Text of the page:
It was over the top. It was nit-picky. It was anal. It was unnecessary.

Those thoughts might’ve crossed the minds of those who watched Kirby Smart lay into Jake Fromm after he failed to pick up a first down on a third-down scramble up 31 points at the end of the third quarter of Saturday’s blowout at Vanderbilt.

In case you missed it, here was the Georgia coach going full Nick Saban on his quarterback:

Why did Smart lose it like that? I mean, he had the hair flopping out the visor and everything. For a guy winning by four scores in the midst of yet another dominant showing, that was quite the outburst.

And let’s get back to the play itself here. Why should the team’s starting quarterback be expected to lay out for a first down in that spot? I’m not even convinced Fromm could’ve picked it up if he extended the ball or if he cut it back before going out of bounds. It actually didn’t even look like Fromm slowed up on the play.

Here’s a crazy thought: Smart was sending a message about the bigger picture.

Don’t leave yards on the field. Ever.

It doesn’t matter if you’re up 31 or up three. Don’t assume first downs are there. Never let the situation dictate the effort. The second you stop giving everything you have, we’re in trouble.

That’s a valuable lesson for a freshman quarterback to learn, especially one who experienced as much immediate success as Fromm.

Smart didn’t get caught lighting up his defensive tackle on national television. That doesn’t get the point across the same way. That’s a Tuesday practice.

Instead, he made Fromm his example. You know, the kid who’s been told how great he is for the past month, just like Georgia. Did Fromm need to hear Smart’s message? Maybe. Maybe not.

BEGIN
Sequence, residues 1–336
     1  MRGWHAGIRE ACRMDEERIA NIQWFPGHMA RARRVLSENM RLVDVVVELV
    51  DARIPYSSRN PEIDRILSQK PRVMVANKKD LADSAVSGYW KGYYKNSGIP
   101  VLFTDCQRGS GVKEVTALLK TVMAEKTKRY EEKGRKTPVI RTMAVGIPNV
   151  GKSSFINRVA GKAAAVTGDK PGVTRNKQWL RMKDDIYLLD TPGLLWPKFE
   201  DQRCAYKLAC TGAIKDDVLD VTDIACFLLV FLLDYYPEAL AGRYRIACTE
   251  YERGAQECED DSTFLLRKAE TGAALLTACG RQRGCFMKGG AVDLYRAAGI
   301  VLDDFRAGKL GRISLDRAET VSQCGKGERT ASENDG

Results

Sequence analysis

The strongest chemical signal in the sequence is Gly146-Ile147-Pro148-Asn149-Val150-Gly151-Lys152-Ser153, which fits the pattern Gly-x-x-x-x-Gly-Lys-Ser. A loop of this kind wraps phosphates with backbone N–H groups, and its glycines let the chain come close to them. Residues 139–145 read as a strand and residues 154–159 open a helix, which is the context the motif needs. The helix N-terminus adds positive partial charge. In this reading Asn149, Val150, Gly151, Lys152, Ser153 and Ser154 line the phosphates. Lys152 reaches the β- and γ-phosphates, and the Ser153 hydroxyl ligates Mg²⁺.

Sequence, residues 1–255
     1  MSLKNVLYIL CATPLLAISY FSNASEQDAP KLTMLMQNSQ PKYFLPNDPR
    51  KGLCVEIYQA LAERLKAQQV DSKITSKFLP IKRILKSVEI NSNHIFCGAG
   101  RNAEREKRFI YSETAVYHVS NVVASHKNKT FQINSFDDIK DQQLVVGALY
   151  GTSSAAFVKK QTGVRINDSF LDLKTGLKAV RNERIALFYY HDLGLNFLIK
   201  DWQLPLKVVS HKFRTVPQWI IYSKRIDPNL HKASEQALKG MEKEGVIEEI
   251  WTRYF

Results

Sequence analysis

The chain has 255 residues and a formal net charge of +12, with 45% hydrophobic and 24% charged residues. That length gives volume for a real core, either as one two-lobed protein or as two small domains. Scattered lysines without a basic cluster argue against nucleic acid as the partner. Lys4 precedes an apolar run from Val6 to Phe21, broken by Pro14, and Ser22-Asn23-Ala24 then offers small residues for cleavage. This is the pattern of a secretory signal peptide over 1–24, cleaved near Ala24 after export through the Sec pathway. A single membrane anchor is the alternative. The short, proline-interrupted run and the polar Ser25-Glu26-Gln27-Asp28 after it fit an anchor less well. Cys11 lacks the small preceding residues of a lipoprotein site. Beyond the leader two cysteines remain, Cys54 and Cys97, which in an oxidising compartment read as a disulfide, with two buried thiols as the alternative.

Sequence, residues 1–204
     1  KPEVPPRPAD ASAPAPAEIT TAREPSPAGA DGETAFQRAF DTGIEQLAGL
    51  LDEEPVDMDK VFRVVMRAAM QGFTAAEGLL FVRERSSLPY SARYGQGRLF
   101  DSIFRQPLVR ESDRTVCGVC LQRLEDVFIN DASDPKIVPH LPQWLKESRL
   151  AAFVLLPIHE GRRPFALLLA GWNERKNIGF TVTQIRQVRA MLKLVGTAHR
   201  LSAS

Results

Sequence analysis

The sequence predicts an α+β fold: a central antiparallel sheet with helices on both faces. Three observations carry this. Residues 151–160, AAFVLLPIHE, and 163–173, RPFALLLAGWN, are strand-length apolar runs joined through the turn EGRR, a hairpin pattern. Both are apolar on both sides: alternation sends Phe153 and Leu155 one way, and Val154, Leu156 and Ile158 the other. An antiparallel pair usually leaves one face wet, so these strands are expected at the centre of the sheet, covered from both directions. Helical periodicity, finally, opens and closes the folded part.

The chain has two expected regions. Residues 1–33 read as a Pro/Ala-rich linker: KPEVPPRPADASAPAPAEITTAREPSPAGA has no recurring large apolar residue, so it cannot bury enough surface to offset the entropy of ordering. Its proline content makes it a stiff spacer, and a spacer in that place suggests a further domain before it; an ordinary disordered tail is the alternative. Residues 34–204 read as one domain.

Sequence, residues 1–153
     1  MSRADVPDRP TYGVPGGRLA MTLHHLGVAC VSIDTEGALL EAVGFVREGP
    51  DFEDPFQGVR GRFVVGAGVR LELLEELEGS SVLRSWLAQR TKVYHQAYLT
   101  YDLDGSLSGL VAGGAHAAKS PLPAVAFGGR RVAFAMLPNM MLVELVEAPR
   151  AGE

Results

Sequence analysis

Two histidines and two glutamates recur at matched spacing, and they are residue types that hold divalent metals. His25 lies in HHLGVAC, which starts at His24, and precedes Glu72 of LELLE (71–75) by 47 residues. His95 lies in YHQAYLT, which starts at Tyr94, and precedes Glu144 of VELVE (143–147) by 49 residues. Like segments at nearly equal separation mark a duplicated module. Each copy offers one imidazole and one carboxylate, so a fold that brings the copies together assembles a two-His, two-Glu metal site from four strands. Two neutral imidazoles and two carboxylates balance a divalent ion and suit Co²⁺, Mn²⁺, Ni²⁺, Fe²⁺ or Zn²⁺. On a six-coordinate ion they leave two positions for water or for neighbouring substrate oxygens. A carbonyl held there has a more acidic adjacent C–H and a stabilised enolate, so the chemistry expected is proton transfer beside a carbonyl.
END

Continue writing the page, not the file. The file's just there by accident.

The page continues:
Credit: Christopher Hanewinckel-USA TODAY Sports

I talked to Fromm’s high school coach at length about how he has the perfect mindset — in all aspects of life — to play quarterback on the big stage. That conversation told me that Fromm is probably the last guy who needs to be told to keep his focus.

Smart is doing whatever he can to show his team how to be perfect. He learned a thing or two about watching Saban all those years. Getting to the top of the college football mountain doesn’t come by taking plays for granted. Finishing runs and getting every yard possible can be the difference between good and great.

Georgia is trying to be great in 2017. So far, it looks like the No. 4-ranked Bulldogs are capable of doing that. But while the season flies by for the rest of us, it’s a three-month grind. As Saban himself reminded us this weekend, “poison” comes in the form of media praise. While that might sound a bit extreme, he got his point across.

Smart also got his point across Saturday.

Georgia is not in any position to take its foot off the gas. The Bulldogs will not find themselves on the right side of four-score leads in every single SEC game. At least I don’t think they will. Bringing anything less than their “A” game for 60 minutes could ultimately cost them a chance at a special season.

No matter how much the college football world declares Georgia an elite team, nothing is guaranteed until the clock strikes zero. The same was true on Saturday.

Smart’s blowup was obsessive. It was perfectionistic. It was passionate. It was inspired.

It was exactly what his team needed to see.